Vietnam

Similarly to its neighbors, Vietnam received coffee in the early 1800’s by European settlers—in this case, French settlers. The coffee industry picked up very quickly and, despite political unrest and substandard infrastructure in the more rural regions, it’s stayed up. The only crop that’s exported more than coffee is rice.

Most of the coffee plants are of the robusta species, and, thus, produce very bitter coffee with the occasional pleasant notes of spice, vanilla, and forestry. The Vietnamese government is currently incentivizing farmers to plant more arabica plants, but it’ll be some time before these new plants produce large yields of beans.

Common Flavors:

  • Low Acidity
  • Medium Body
  • Vanilla, Spice, Forestry
  • Rough Bitterness

Processing Methods:

  • Washed


Indonesia

Coffee was first cultivated in Indonesia in the late 1600’s by Dutch traders, and over the next century it would make its way to dozens of Indonesia’s 17,500 islands—most notably Sulawesi, Sumatra, Java, and Bali. For a time in the early-1800’s, several Indonesian islands were among the top coffee producers in the world.

Unfortunately, a particularly bad wave of coffee rust decimated the coffee industry of Indonesia and much of Asia. Understandably, farmers uprooted their arabica plants and replaced them with more resilient robusta plants.

These days, over half of the coffee grown on the Indonesian islands is robusta, but the arabica beans that are exported are classic and well-known around the world. Most tend to have a mild acidity, full body, and flavor notes of earth, spice, chocolate, flowers, and pine.

Common Flavors:

  • Mild Acidity
  • Medium Body
  • Earth, Spice, Chocolate, Flowers, Pine

Processing Methods:

  • Washed
  • Natural
  • Giling Basah

Papua New Guinea

Coffee production launched on the island nation of Papua New Guinea in the early-1900’s with the arrival of British and German colonists, but the crop wasn’t thriving like they had hoped it would. They requested seedlings from Jamaica—of the Jamaican Blue Mountain variety, to be exact—and those plants turned out to be better suited to the island’s climate. By the 30’s, coffee production was really beginning to take off.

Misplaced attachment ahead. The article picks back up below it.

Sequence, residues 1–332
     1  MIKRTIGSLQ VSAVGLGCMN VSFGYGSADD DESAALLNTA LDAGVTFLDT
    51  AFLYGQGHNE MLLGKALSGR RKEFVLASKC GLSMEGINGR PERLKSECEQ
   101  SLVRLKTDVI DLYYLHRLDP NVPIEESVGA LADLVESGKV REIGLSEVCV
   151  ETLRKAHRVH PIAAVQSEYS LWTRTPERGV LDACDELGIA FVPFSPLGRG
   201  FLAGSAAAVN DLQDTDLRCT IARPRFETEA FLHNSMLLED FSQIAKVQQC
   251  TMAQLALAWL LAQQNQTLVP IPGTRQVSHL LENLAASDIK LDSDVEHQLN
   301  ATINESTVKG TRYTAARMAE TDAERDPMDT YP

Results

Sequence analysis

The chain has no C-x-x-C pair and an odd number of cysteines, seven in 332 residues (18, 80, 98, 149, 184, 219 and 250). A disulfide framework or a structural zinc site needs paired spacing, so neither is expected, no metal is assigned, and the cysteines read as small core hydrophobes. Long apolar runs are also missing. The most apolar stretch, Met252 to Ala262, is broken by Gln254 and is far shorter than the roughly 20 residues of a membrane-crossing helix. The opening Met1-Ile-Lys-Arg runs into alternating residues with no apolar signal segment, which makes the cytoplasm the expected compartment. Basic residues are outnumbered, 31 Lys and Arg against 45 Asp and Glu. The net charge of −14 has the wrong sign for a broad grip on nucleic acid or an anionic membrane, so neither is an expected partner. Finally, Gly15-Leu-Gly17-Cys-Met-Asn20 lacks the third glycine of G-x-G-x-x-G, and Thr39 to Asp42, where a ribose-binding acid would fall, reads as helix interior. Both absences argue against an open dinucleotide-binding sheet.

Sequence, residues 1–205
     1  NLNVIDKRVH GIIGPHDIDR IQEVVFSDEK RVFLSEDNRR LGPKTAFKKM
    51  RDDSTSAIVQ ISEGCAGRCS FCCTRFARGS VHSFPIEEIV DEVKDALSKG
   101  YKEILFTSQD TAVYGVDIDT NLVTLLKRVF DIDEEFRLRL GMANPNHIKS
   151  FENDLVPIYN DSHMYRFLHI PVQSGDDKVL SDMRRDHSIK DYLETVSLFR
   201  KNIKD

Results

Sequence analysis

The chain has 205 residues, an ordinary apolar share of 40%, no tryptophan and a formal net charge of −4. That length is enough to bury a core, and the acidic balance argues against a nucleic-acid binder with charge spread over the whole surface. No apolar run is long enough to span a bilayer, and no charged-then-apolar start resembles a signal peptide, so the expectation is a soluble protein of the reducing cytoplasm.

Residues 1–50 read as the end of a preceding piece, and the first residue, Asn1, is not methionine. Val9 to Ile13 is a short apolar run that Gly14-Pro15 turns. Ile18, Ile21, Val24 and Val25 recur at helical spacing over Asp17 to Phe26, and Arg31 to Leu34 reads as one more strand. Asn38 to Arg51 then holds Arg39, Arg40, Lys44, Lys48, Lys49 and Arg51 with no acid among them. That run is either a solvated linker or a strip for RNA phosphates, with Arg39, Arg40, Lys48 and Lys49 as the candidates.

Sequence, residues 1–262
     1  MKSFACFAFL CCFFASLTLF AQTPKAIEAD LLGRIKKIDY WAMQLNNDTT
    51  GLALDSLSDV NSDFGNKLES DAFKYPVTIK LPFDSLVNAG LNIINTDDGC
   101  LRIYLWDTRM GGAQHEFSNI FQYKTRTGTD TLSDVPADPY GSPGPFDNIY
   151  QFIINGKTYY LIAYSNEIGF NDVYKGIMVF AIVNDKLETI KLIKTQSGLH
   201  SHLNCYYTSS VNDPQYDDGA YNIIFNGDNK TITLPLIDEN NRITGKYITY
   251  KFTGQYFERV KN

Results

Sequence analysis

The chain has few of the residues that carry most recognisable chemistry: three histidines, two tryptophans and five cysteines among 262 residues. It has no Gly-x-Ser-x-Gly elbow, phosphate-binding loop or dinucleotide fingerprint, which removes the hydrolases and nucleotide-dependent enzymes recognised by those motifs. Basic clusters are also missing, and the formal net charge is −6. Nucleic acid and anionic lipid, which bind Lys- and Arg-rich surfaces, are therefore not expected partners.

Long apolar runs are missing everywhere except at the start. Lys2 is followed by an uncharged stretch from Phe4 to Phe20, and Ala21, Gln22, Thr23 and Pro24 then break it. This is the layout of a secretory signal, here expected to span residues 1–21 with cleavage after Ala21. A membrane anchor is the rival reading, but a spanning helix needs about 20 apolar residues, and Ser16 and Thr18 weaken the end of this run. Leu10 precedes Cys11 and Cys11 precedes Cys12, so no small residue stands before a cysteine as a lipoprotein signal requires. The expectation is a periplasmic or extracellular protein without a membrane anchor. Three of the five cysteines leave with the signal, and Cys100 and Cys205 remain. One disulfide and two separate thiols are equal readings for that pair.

Papua New Guinea produces coffee that generally has a crisp citrus acidity, floral aromas, and intricate flavor notes of spices, milk, fruits, and nuts.

Common Flavors:

  • Crisp Acidity
  • Medium Body
  • Spice, Milk, Fruit, Nuts

Processing Methods:

  • Washed

Hawaii

Far away from all the other countries on this list lies the 50th state of the United States, Hawaii. Coffee arrived at the island chain in 1813, but the industry didn’t really begin to thrive until bourbon variety seedlings arrived in the late-1820’s. The volcanic soils, cool climate, high altitude, and frequent rain made several Hawaiian islands ideal for coffee growing.

Backed by the thriving economy and labor laws of the United States, modern Hawaiian coffee is, unsurprisingly, quite expensive compared to coffee from other countries. That hasn’t stopped the origin from succeeding in the global market, however.

Hawaiian coffees frequently feature a crisp acidity, medium body, and deep, complex fruity, floral, and vanilla flavors.

Common Flavors:

  • Crisp Acidity
  • Medium Body
  • Deep, Complex, Fruity, Floral, Vanilla

Processing Methods:

  • Washed
  • Natural

There are a handful of islands located across the Pacific that grow coffee, including East Timor and Vanuatu, but we chose to focus on the more notable and influential producing countries for this blog. Next time you enjoy a mug of coffee from one of these countries, we have a feeling it will be even tastier than normal now that you know some context.

That’s one of the thing we love about Sudden—exploring origins, flavors, and cultures with you. Coffee’s diverse and fascinating, and we’re honored to help you enjoy it. Take a look at our current lineup of coffees and grab yourself a free sample.